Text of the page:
Many potters make tea bowls. Technically there are many qualities which a good tea bowl should have. It should feel comfortable in the hands, soft to the lips, when tea is whisked in it, the whisk should not be shredded. It should hold heat, it should be high walled in the winter and more open in the summer. These are just a few of the qualities which might be noticed by a tea practitioner.
For twenty years I have been a student of Omotesenke Tea (one of the main tea groups of Japan). I received my tea teaching license about 5 years ago. I have taken many, many pieces of tea ceramics which I have made over the years to my sensei’s house so we could critique them. “Ah, maybe a little too heavy.” “Hum, is the foot too stiff?” “Yes, such a good face (front of bowl).” “Will the teaspoon balance on the bowl as you walk?” There are considerations for each utensil. Most of the time questions deal directly with how the item is used. “Is the mouth of the mizusashi (cold water pot) large enough to use a ladle with?” “If there are flowers in this vase will they be higher than the bottom of the scroll behind them?” And on and on.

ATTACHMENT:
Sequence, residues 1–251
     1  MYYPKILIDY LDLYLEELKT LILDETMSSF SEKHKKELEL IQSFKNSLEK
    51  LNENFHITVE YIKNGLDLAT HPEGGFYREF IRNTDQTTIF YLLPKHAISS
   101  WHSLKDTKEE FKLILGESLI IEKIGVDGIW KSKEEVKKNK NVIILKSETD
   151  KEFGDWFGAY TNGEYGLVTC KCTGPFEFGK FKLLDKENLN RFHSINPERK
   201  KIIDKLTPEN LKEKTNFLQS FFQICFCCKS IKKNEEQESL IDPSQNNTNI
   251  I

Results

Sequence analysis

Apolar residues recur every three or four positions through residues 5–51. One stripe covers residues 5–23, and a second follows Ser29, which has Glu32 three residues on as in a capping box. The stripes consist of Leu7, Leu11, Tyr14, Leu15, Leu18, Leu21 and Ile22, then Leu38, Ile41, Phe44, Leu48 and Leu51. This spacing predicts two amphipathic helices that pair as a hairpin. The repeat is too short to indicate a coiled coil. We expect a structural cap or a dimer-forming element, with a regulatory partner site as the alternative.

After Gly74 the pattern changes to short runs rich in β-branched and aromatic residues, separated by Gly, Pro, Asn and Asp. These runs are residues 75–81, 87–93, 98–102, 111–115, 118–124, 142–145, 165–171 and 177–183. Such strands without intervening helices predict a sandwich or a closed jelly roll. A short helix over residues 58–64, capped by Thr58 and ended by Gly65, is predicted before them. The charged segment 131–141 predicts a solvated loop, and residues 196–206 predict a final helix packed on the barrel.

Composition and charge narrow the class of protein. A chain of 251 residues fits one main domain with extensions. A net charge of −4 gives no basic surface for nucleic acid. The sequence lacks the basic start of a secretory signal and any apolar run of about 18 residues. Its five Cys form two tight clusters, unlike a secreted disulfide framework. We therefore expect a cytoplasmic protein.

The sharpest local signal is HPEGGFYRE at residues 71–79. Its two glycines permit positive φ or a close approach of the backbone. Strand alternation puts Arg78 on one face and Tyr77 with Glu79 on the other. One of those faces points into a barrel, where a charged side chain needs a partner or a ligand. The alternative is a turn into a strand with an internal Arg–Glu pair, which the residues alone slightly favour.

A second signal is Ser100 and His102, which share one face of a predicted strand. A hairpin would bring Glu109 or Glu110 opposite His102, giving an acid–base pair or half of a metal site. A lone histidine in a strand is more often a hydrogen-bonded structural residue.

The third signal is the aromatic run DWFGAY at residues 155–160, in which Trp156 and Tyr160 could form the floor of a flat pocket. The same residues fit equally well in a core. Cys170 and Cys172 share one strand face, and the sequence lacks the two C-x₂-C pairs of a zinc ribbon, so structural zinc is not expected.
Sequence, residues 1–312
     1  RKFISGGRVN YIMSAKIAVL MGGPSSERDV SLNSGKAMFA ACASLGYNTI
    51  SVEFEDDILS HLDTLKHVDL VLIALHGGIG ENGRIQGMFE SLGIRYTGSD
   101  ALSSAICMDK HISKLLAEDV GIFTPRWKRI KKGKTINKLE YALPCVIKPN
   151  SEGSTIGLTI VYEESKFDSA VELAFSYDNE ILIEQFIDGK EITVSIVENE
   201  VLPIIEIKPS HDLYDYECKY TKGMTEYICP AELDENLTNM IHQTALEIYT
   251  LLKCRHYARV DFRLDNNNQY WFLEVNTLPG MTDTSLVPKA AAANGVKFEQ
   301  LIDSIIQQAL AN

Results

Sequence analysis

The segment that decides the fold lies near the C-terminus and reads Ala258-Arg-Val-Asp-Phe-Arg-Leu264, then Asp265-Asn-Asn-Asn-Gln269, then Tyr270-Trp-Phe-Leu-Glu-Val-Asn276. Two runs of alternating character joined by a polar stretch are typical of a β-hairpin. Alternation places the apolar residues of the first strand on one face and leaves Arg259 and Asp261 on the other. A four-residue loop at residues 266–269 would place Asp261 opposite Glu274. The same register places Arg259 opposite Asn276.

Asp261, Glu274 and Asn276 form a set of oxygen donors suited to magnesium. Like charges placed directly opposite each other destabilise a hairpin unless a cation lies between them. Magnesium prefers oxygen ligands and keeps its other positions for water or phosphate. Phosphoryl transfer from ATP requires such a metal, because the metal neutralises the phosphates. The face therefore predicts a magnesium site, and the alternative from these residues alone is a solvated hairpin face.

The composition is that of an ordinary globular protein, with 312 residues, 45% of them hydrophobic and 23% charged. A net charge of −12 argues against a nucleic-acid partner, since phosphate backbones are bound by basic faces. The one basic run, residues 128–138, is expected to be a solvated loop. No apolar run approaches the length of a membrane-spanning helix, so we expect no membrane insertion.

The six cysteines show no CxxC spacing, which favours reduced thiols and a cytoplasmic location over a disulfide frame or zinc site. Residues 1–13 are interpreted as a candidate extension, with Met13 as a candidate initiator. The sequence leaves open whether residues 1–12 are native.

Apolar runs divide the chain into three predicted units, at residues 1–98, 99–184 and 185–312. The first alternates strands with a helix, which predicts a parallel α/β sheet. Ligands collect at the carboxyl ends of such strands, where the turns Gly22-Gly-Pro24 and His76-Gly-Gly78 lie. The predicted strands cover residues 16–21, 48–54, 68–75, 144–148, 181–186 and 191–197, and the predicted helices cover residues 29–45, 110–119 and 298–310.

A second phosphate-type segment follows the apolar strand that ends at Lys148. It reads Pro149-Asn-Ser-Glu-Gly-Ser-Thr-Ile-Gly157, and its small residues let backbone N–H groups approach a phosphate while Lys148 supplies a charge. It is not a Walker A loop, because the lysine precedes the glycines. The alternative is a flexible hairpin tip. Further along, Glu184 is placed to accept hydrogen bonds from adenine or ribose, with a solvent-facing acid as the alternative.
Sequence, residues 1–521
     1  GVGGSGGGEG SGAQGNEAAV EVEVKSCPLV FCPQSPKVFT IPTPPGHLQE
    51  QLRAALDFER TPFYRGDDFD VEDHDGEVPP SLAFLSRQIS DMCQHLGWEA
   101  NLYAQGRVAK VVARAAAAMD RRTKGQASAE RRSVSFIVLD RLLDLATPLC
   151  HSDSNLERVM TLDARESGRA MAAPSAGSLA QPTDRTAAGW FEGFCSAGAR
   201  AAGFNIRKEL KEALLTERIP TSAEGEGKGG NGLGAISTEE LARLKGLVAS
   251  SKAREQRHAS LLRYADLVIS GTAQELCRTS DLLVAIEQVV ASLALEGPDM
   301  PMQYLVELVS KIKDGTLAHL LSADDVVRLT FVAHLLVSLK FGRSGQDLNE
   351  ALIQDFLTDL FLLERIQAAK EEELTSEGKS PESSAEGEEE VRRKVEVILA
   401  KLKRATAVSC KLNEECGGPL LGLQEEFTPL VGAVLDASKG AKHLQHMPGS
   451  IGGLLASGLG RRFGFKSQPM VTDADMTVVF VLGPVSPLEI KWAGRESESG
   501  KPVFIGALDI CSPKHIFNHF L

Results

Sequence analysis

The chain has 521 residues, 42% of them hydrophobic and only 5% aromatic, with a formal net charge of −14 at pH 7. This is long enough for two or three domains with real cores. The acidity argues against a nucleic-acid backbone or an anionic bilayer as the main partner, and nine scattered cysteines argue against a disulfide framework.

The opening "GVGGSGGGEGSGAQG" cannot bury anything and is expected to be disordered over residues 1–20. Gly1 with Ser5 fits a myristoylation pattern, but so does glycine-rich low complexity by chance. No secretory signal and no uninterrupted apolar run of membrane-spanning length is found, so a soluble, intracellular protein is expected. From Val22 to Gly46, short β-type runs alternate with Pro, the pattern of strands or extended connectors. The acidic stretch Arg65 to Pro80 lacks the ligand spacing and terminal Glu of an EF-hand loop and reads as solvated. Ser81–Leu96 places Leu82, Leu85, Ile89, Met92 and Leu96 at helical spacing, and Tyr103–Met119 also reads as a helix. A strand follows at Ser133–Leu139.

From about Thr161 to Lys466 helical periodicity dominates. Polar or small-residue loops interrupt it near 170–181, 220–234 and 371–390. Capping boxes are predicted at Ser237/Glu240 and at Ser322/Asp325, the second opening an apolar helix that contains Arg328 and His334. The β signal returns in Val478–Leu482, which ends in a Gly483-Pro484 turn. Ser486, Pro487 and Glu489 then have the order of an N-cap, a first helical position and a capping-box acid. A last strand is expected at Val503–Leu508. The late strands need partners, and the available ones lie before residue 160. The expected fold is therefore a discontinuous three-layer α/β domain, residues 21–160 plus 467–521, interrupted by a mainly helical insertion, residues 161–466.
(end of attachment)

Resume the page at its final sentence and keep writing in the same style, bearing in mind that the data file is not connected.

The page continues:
It has been my honor to have three pieces of my ceramics exhibited in Kyoto at the Omotesenke Domonkai exhibit of American Pottery used in Chanoyu (tea ceremony) a few years ago.
The study of tea has been a wonderful and very influential part of my life.
I hope that as you view this page you will be able to feel a bit of the quiet beauty of the tea. — Kate